Latest Heated Towel Rails
THE LATEST There’s plenty to consider when choosing the right heated towel radiator for your bathroom; here’s what you need to know…
A selection of the hottest new products available
Choosing a heated towel radiator for your bathroom will depend primarily on what purpose you are asking it to fulfil. Will it be the sole heating source in the room, or is it a complement to another system, like underfloor heating, in addition to heating your towels on a cold day?
As such, you’ll need to consider the size of your room and estimate how much heat will need to be outputted to sufficiently heat the room. The output is measured in British Thermal Units (BTUS), with one BTU the amount of energy needed to heat one pound of water by 1°F. The BTU you’ll require depends on the size of your room and the number of windows, but also on how many towels will be on the rail — as these will absorb some of the heat. Victoria Plum recommends 400 BTUS/M2 for a bathroom with one outside wall and one small window, but it’s important to get this right (helpfully there are numerous BTU calculators online); too low and the rail won’t be performing adequately, and too high and you’ll be throwing open the window and expending unnecessary energy (and cash).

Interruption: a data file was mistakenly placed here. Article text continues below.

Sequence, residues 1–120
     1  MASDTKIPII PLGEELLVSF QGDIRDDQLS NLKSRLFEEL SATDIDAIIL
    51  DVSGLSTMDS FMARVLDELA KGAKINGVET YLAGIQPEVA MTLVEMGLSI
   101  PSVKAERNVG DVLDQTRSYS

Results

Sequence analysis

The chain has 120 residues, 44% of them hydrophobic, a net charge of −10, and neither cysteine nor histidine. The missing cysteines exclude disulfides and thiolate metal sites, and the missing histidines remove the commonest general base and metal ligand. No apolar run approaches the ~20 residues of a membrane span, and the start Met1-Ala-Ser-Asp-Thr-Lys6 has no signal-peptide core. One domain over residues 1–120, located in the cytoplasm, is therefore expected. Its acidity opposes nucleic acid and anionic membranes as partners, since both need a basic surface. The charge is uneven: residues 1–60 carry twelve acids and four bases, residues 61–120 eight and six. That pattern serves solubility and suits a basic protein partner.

Heated towel radiators can either run off the central heating, electricity or be dual fuel. Models that run off your central heating will function like any radiator in your property — heated water will flow through the bars of the rail and emit heat. You may have some individual control over the heat, but it is fundamentally tied to the entire heating system. This means that if you want to use the rail during the summer, you may need to close the valves on your radiators to avoid heating rooms unnecessarily.
An electric model has a heated element which is powered by your home’s mains electricity. It runs independently from the rest of your heating system, so won’t put any further demand on your boiler. This also means that you can use it during the summer without having to fire up the entire heating system.
A dual fuel model offers the best of both worlds: it’s plumbed into your heating system, but also contains an electric element – a switch or valve determines which fuel source is used – offering greater versatility throughout the year.
It is often possible to install a T-piece and heating element to a towel rail which will allow you to isolate the rail from the heating system and switch between electric and heat from the boiler. H